University of Surrey

Test tubes in the lab Research in the ATI Dance Research

Mechanical behaviour of endosseous dental implants.

Taylor, Alec Roland. (1977) Mechanical behaviour of endosseous dental implants. Doctoral thesis, University of Surrey (United Kingdom)..

[img]
Preview
Text
10804574.pdf
Available under License Creative Commons Attribution Non-commercial Share Alike.

Download (15MB) | Preview

Abstract

The complexity of the reactions required to equilibrate a simple force applied to a tooth have been shown. The elastic response which might be expected when an implant is subjected to lateral loads has been discussed. A lateral load has been shown to induce maximum stress concentrations at the alveolar bone crest. The mechanical factors which effect the stresses produced by a tranverse load have been studied in the laboratory experiments using photoelastic techniques and a double exposure radiographic procedure which was devised. It was found that the maximum stresses were generated at the alveolar crest and that the magnitude of these local stresses was proportional to the applied moment and related to the flexural stiffness of the implant and to the difference in modulus between the implant material and the bone. An analysis of two hundred and eighty two functional implants in vivo has shown that bone resorbtion had occurred in the alveolar bone crest in the majority of cases. There is some evidence that a methodical assessment of specified mechanical and biological factors provides a criteria for determining whether a particular implant is likely to be successful. The problems of obtaining data from radiographs by visual assessment have been discussed. The use of densitometric techniques to obtain data from processed x-ray films of bone sites has been studied. A simple formula has been shown to be sufficiently good representation of the x-ray absorbtion of aluminium. The absorbtion behaviour of cortical and cancellous bone was calibrated against an aluminium wedge. The effect of x-rays passing through two dissimilar materials has been shown. Finally there is some evidence that the detection of flaws in the cancellous bone may be improved by the use of densitometric techniques.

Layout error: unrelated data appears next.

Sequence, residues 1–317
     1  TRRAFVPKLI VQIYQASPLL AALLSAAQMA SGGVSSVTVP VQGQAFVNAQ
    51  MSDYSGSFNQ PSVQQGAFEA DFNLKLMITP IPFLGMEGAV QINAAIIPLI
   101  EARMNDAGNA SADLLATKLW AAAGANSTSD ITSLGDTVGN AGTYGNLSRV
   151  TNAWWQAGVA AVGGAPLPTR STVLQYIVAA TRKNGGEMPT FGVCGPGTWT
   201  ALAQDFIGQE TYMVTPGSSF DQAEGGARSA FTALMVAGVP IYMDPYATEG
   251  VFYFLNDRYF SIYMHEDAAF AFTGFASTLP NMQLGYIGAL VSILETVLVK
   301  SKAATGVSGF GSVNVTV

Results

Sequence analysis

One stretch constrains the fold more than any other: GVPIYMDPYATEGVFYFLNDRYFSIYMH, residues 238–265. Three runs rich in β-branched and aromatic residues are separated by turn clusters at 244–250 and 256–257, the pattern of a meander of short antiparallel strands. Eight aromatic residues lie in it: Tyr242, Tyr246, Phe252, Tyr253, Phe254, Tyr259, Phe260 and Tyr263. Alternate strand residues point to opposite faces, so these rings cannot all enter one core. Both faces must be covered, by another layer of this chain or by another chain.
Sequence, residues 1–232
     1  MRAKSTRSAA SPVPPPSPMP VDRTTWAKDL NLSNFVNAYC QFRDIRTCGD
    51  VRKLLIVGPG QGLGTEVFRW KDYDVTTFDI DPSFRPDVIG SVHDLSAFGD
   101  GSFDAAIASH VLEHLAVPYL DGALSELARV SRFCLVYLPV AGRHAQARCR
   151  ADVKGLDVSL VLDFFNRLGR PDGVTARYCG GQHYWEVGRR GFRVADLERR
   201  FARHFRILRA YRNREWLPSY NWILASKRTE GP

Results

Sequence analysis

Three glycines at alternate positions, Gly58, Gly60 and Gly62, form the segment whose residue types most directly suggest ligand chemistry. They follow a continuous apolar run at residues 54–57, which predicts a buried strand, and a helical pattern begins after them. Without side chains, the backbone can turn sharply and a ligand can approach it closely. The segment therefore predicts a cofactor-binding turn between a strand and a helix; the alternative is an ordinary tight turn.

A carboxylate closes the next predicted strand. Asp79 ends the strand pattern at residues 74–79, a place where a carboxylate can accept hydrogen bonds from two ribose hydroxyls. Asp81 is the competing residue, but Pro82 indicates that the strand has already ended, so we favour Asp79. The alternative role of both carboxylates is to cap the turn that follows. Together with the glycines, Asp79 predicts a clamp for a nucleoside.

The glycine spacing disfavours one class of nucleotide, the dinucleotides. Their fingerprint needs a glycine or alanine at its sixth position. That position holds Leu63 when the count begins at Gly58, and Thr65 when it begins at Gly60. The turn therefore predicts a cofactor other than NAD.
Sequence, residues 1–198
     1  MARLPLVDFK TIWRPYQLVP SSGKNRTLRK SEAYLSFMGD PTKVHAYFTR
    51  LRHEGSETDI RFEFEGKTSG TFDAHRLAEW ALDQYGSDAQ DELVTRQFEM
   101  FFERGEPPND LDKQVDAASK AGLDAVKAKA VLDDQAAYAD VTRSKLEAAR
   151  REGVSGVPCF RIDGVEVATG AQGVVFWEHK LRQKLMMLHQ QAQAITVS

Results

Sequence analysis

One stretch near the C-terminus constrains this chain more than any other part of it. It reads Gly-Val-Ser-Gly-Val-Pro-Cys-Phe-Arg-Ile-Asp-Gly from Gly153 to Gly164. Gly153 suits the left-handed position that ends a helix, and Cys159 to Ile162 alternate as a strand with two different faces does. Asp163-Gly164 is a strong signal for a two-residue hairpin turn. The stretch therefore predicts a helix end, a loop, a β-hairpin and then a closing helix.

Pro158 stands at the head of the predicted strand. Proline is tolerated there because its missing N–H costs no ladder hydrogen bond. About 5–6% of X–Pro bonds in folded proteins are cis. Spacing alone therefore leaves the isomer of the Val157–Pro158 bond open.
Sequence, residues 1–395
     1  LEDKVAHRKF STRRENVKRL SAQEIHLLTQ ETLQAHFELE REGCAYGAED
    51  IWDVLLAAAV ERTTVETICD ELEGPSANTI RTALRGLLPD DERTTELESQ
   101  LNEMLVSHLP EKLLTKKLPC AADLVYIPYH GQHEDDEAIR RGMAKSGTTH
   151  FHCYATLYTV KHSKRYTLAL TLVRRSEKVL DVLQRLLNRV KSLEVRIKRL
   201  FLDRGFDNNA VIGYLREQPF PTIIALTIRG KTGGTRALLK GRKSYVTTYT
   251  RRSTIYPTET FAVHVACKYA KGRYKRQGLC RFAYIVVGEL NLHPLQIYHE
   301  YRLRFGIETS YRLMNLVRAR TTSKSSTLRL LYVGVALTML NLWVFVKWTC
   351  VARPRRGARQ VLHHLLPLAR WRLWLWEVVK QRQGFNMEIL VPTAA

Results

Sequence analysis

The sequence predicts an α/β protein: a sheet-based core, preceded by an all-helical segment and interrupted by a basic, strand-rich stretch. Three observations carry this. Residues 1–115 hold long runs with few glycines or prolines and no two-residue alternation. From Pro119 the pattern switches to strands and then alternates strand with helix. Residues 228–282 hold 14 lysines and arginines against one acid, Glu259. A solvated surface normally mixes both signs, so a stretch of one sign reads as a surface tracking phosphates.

Item Type: Thesis (Doctoral)
Divisions : Theses
Authors :
NameEmailORCID
Taylor, Alec Roland.
Date : 1977
Contributors :
ContributionNameEmailORCID
http://www.loc.gov/loc.terms/relators/THS
Additional Information : Thesis (M.Phil.)--University of Surrey (United Kingdom), 1977.
Depositing User : EPrints Services
Date Deposited : 22 Jun 2018 14:26
Last Modified : 06 Nov 2018 16:53
URI: http://epubs.surrey.ac.uk/id/eprint/848099

Actions (login required)

View Item View Item

Downloads

Downloads per month over past year


Information about this web site

© The University of Surrey, Guildford, Surrey, GU2 7XH, United Kingdom.
+44 (0)1483 300800